Midway Poker Tour Founder Vows to Make Players Whole 17 Months After Silver Payout Debacle
Dan Bekavac, the owner of the Midway Poker Tour who won a Mid-States Poker Tour (MSPT) event last week for $193K (and his third MSPT title), says he's ready to begin the process of paying out players from a 2020 charity poker tournament debacle.
In October 2020, Bekavac hosted the inaugural Midway Poker Tour $1,100 buy-in Main Event at a hotel in the Chicagoland area that attracted 266 runners. The tournament started off without a hitch, but things turned south when players in the money began to realize they weren't going to receive their full winnings.
In total, about 30% of the entire prize pool was unaccounted for, or around $62,000. Only about $12,000 of that had been paid back at last check.
Bekavac Starting Payback Process
Bekavac won the MSPT Riverside on March 21 for $193,000, and a few days later he told PokerNews he's ready to begin the process to make Midway Poker Tour players whole.
He sent a text to affected Midway Poker Tour players and CC'ed in PokerNews Executive Editor US Chad Holloway, who finished fifth in the same MSPT event.
"I've promised to make everyone whole, and even though it's taken some time, I'm finally in a position to do so. And it's not just because I won, although winning did help expedite this, you can confirm with Chad I reached out to him of last year to set this up," Bekavac wrote.
Holloway has reported on the MPT debacle multiple times, including a January 21 story about Bekavac competing in an MSPT event while ghosting the Midway Poker Tour players who were owed money. He has confirmed Bekavac initially reached out late last year with the stated intention of trying to make players whole.
Backstory on Midway Poker Tour Scandal
Due to the Illinois Charitable Gaming Acts and Regulations rules, the Midway Poker Tour was only permitted to pay out $500 in cash on top of the buy-in to those who cashed, no matter how much they earned. The event had a charitable component and was intended to help raise money for the 4 K.I.D.S. Sake nonprofit organization.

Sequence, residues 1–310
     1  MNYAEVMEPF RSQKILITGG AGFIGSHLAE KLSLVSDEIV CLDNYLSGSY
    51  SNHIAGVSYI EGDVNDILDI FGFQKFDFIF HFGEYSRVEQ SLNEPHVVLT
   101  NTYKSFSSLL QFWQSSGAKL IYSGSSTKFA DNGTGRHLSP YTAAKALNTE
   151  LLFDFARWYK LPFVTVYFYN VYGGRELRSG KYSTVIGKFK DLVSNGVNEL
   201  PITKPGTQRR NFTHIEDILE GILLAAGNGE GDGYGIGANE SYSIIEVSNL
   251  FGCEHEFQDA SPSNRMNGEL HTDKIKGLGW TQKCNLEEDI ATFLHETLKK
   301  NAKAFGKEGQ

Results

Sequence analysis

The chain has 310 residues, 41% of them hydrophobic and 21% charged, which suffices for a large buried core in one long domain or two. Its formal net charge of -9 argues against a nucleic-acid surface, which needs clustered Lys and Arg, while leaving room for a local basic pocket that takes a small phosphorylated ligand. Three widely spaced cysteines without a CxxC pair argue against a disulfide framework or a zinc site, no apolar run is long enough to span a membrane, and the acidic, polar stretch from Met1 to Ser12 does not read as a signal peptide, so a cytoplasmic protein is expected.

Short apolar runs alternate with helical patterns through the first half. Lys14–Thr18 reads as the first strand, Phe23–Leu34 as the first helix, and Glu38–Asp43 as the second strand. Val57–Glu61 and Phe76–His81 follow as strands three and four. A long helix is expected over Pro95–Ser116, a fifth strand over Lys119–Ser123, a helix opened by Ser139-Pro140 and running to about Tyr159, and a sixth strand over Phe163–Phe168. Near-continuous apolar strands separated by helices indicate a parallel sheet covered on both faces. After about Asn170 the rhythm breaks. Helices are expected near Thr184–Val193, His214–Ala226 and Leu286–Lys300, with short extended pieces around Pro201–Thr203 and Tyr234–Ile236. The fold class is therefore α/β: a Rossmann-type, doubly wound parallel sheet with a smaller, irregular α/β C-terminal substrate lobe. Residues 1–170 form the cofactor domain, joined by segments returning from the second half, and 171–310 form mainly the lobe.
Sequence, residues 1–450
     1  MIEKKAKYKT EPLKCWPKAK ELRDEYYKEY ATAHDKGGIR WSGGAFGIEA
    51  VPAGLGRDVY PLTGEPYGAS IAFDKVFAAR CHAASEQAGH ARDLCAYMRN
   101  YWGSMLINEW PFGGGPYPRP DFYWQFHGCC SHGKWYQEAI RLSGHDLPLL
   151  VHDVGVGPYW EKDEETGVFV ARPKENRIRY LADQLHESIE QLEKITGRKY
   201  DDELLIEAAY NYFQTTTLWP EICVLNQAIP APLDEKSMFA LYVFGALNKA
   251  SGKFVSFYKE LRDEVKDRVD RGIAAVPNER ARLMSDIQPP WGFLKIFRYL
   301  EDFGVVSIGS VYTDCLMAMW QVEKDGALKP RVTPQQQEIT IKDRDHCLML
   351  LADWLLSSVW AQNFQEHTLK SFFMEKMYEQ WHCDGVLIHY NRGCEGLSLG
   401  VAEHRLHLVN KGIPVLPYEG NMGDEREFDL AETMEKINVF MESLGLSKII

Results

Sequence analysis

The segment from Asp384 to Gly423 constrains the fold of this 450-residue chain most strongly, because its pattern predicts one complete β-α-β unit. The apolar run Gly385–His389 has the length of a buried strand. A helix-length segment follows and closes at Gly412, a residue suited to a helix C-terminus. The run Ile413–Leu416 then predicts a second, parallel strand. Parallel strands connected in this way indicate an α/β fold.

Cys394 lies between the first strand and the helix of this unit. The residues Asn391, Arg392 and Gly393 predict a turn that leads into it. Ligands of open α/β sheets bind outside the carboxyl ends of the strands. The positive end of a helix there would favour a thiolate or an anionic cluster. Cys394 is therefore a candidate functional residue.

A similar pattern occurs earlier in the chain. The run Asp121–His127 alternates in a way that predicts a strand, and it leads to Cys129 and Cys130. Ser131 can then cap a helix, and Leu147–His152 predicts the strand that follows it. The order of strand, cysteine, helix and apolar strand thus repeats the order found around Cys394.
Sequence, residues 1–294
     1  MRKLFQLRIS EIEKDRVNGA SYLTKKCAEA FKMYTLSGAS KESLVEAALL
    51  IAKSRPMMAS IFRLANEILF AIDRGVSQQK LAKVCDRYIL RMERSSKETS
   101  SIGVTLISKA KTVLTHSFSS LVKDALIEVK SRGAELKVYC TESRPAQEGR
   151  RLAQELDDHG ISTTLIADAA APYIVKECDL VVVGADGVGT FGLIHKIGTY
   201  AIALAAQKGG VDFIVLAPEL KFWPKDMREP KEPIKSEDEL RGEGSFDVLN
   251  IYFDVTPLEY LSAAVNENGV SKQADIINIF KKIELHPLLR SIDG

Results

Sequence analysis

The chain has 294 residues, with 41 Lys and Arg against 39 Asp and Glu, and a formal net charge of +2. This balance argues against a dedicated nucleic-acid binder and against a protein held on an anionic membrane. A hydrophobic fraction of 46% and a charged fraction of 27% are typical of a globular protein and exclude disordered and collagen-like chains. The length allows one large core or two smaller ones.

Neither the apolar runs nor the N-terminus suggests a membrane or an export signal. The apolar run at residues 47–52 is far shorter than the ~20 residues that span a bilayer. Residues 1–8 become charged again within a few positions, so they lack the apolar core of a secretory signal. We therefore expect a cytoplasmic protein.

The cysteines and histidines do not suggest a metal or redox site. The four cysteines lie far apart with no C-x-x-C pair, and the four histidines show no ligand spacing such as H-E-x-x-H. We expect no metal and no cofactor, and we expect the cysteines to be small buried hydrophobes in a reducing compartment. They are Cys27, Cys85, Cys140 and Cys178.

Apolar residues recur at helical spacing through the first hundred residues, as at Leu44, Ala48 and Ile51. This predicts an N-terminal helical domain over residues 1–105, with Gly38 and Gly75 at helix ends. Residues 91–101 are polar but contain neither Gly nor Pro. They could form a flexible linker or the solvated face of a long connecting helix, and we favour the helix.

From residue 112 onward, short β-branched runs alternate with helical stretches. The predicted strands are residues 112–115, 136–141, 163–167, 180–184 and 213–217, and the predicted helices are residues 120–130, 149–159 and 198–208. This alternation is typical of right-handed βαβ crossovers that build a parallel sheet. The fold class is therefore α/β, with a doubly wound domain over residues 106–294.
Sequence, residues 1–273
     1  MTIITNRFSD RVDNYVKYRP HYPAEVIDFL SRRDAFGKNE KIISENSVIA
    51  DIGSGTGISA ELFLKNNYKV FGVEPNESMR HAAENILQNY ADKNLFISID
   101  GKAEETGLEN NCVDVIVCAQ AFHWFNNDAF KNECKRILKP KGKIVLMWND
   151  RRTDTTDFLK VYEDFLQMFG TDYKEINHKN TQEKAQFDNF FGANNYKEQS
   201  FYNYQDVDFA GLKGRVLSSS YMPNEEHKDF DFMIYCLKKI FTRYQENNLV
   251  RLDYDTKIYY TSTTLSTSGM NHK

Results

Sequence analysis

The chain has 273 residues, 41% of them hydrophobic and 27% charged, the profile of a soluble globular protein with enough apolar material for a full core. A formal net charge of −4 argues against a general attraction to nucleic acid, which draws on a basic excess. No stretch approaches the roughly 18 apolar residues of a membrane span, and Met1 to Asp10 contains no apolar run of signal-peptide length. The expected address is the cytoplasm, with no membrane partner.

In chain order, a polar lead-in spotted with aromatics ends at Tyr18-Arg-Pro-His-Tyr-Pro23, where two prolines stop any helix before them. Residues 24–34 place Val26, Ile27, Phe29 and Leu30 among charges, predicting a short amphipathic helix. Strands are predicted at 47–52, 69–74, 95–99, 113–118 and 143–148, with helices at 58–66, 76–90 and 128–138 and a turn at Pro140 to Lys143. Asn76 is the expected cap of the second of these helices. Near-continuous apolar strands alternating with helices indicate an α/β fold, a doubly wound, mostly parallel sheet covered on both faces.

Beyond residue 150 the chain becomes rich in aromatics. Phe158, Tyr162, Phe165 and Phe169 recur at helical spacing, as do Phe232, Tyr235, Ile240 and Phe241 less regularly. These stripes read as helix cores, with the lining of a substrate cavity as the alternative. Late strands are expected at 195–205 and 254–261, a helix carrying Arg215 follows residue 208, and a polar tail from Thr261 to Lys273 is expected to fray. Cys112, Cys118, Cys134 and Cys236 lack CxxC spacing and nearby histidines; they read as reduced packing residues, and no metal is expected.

To cover the excess payouts, players were provided with precious metals they could then resell for cash, a loophole in the law other charity tournaments in Illinois had used in the past. The state Attorney General's office even paid a visit to ensure there were enough precious metals on-site and accounted for.
But the law wouldn't permit the precious metals to be resold on-site, which meant players were forced to retrieve the money at an off-site business, certainly an inconvenience, but still better than what was about to happen.
When the players went to sell off the metals, they discovered they were acquired at retail value, or rather a steep mark-up. The problem was they had no way to sell them back for retail prices, meaning they couldn't get enough money to cover their full payout. To put it another way, the metals they received were not worth the money they were owed.
The following is a list of players who were owed money following the 2020 MPT Main Event while taking into account an approximate 30 percent in missing value at the time.
|Place||Player||Cash Prize Paid||Remaining Prize||Total Advertised Payout||Missing 30% Value|
Bekavac has apparently made arrangements with unpaid players to make them whole at a couple of upcoming live tournament stops.
He has also agreed to an interview on an upcoming episode of the PokerNews Podcast to discuss the payback process, what transpired in October 2020, and share his side of the story.
As of now, it appears the patient players affected by the Midway Poker Tour payout debacle may be made whole, though only time will tell if that comes to fruition.
PokerNews will continue to monitor the situation and offer updates as they happen.